The big challenge is that feed costs and reproductive performance are inseparable. Drastic measures to minimize per head feed costs usually have a negative impact on reproductive performance. Maximizing reproductive performance can increase feed costs significantly. But there can be some room to move in the middle. Maintaining or even improving reproductive performance can often be achieved by carefully managing the feed you have to maintain optimal body condition scores. This may mean spending money differently, not necessarily more of it, and will help maintain or improve reproductive performance. Continue reading →
The following is part two of a series of three posts featuring calving management practices and intervention strategies to help producers optimize newborn calf health and well-being. Read part one to learn about resuscitation techniques and part three to learn about when and how to use electrolytes.
Newborn calves are born with virtually no immunity of their own. Unlike other mammals, a cow’s placenta does not allow antibodies to pass from the mother to the calf during pregnancy, which means the calf must receive its initial immunity from the antibody-rich colostrum, or first milk, of the cow. This initial immunity is essential because it provides protective antibodies against many of the diseases that affect newborn calves, such as calf scours, navel abscesses, arthritis and pneumonia. If the calf is at risk of not having adequate colostrum, such as if it had a difficult birth, is a twin, is delivered via c-section, has a weak suckle reflex, or hasn’t sucked in the first few hours of life, supplementation is recommended. If a calf requires colostrum supplementation, here are a few things to consider. Continue reading →
Get cow-calf pairs out onto clean ground, such as fresh pasture, and give them as much space as possible. That’s how Ryan McCarron sidestepped a calf scours outbreak on his eastern Nova Scotia farm in 2019.
McCarron, who farms with family members at Antigonish, about 160 km northeast of Halifax, became alarmed when a few calves became sick and died early in the 2019 spring calving season.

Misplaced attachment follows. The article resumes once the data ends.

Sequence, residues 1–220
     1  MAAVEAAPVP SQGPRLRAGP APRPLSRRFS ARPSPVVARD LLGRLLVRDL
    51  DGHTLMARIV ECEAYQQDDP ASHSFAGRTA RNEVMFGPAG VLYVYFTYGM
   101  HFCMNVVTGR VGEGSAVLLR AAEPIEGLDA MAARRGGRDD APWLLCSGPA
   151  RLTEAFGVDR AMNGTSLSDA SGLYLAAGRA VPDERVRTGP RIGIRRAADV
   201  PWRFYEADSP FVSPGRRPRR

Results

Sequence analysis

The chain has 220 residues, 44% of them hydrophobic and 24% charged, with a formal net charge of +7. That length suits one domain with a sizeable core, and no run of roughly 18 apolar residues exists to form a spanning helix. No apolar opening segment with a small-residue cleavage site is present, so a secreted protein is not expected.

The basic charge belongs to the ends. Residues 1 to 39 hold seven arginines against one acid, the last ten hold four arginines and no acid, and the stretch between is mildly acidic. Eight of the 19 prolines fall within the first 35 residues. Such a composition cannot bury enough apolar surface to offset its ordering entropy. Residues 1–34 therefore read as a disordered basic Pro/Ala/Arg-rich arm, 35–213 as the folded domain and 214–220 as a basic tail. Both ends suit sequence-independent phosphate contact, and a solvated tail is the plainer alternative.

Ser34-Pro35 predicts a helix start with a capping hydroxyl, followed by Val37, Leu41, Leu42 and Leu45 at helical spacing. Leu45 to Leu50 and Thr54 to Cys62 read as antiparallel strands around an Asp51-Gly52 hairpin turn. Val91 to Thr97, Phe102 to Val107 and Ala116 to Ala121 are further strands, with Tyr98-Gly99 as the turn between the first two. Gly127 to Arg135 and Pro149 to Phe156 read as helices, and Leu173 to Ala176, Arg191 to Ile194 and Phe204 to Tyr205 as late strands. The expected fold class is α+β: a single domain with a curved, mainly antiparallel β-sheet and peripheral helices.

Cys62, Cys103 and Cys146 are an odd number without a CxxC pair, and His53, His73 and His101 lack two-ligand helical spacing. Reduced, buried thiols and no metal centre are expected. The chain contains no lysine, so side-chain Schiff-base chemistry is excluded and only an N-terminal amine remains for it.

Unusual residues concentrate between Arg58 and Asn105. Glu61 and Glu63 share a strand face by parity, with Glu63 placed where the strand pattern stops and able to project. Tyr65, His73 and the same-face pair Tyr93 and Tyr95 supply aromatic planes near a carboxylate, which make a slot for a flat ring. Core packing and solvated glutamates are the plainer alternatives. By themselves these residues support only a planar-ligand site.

“It was a frustrating situation,” says McCarron. “Calves were getting sick, we treated them but several still died. Something had to change.”
Necropsy examinations showed the dead calves had picked up a harmful strain of E. coli bacteria, likely from fecal contamination of the soil in the yard next to the barn, which led to the serious and fatal cases of scours. Continue reading →
The most important day of a calf’s life is the first one. There are some key factors that play a role in whether or not a baby calf gets off to a good start and research has demonstrated that the first 24 hours of life are critical in order for a calf to survive to weaning and beyond.
Interventions – follow-up care is important
Dystocia, or calving complications, pose a health risk for both the newborn calf and the cow. While dystocia can be partially managed with careful breeding choices and culling practices, proper nutrition, and managing for a body condition score of 3 (on a scale of 1-5) before calving, difficult deliveries can still occur.
Every scenario is different, however once a water bag appears, a calf should hit the ground within one hour for cows, or up to one and a half hours for a first-calf heifer. If this doesn’t happen, intervention may be needed, especially if no progress has occurred for thirty minutes, the cow stops pushing, or there are other signs of trouble. If there is a problem, a water bag may not always appear, so be observant of other behaviours that signal labour, such as tail switching, restlessness, the appearance of membranes or discharge, or a kink in the cow’s tail.